On edge


Some CLICO and British American Insurance policyholders are anxious and concerned following this month’s dismissal of the class action suit a group of Barbadians brought against Canadian insurer Manulife.

But the group formed to represent the interests of these CLICO and BAICO customers, the Barbados Investors and Policyholders Alliance, has told them the situation and their entitlement were different.

BIPA Chairman June Fowler offered the explanation as she sought to make it “very clear that the current status of the Manulife case is in no way an indicator of either the outcome or the timescale for a CLICO or BAICO solution”.

“A number of CLICO and BAICO policyholders have contacted … BIPA … expressing anxiety and concern at the recent failure of the class action lawsuit against Manulife in Canada after 10 years of legal battles, and are wondering if this is an indicator of the potential timeline and outcome of the CLICO/BAICO debacle here in Barbados. BIPA wishes to assure policyholders that these are totally different scenarios,” she said.

“It is actually the policy funds of CLICO and BAICO which have been mishandled and are being withheld due to the insolvency of these two companies, whereas the money being claimed by Manulife policyholders was not the principal and interest on their policies, but a ‘bonus’ allocation of ‘free shares’ optionally convertible into cash, which are traditionally awarded following the demutualisation of a mutual society like Manulife,” she added.

Fowler noted that “the problem with Manulife, which has nothing in common with the CLICO and BAICO fiasco, is that Manulife sold its insurance business to the former Life of Barbados in December, 1996”.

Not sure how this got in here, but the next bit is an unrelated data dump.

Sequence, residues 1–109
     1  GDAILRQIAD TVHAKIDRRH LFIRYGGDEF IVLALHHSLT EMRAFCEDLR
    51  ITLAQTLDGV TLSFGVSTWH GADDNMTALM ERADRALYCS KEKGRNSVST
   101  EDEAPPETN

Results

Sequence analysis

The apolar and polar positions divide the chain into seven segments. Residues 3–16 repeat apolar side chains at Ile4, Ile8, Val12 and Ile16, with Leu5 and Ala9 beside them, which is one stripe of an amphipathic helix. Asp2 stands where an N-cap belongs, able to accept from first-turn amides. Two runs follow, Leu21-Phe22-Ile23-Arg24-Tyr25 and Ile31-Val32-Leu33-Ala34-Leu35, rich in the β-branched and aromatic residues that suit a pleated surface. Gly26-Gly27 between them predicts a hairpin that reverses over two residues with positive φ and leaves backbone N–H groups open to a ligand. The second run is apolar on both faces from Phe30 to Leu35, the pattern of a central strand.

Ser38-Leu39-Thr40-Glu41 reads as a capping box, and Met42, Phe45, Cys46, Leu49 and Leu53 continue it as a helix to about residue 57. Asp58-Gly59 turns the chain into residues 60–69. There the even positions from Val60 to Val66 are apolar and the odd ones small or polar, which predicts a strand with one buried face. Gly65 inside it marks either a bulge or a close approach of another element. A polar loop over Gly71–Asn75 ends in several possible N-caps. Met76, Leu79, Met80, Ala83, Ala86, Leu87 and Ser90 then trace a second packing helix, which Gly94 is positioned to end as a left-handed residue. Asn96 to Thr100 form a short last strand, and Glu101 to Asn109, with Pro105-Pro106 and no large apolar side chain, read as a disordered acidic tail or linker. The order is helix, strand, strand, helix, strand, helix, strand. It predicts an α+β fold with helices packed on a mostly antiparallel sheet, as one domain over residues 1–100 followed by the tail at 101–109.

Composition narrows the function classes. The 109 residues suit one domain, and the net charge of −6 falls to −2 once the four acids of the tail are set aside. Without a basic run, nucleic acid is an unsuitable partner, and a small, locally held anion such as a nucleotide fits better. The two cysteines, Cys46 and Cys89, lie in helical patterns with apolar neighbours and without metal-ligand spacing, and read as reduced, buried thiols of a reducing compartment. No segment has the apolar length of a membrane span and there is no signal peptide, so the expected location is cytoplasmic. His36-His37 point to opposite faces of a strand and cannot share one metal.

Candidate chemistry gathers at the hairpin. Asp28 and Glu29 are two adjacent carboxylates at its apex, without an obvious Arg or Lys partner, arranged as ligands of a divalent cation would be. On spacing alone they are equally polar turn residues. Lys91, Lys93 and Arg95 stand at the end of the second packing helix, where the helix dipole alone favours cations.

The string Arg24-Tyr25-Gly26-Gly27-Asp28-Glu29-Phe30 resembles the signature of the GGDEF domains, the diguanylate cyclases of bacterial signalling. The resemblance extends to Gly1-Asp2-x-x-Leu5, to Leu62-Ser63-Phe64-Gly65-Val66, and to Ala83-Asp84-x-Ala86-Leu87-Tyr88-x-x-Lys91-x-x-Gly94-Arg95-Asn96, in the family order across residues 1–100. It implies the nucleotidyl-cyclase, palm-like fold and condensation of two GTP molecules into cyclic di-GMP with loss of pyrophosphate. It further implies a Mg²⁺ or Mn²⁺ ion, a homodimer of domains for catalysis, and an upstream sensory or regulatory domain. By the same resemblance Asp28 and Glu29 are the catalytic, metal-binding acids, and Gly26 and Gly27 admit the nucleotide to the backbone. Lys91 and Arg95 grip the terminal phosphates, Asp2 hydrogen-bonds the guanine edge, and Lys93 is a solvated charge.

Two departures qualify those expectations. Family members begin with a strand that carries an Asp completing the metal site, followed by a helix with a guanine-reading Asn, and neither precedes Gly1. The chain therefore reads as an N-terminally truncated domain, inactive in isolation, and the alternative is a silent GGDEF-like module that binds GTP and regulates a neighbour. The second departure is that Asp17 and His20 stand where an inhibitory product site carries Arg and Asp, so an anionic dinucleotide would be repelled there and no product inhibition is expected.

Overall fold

“But at that time, Manulife was still a mutual life insurance company, and was not demutualised until after the sale to Life of Barbados. On the demutualisation of Manulife, its participating policyholders were paid $17.7 million in cash or shares,” she stated.

“According to the judgment handed down by the Ontario Superior Court, by then, the insurance business had already been sold to the former Life of Barbados, so the Barbadian policyholders did not receive any compensation, since it was determined they were no longer Manulife policyholders and therefore did not qualify for the ‘bonus share out’.”

The official said this was a “sharp contrast” to the CLICO and BAICO situation.

“It is the actual savings and policyholders’ funds of CLICO and BAICO which have been mismanaged, and unlike the legal battles to prove that Manulife policyholders are entitled to their ‘bonuses’, there is no question whatsoever that CLICO and BAICO policyholders are fully entitled to the return of 100 per cent of their principal and interest,” she said.

“Nor is there any excuse for the litany of delays and procrastination in providing a satisfactory solution and organising an orderly payout.” (SC)

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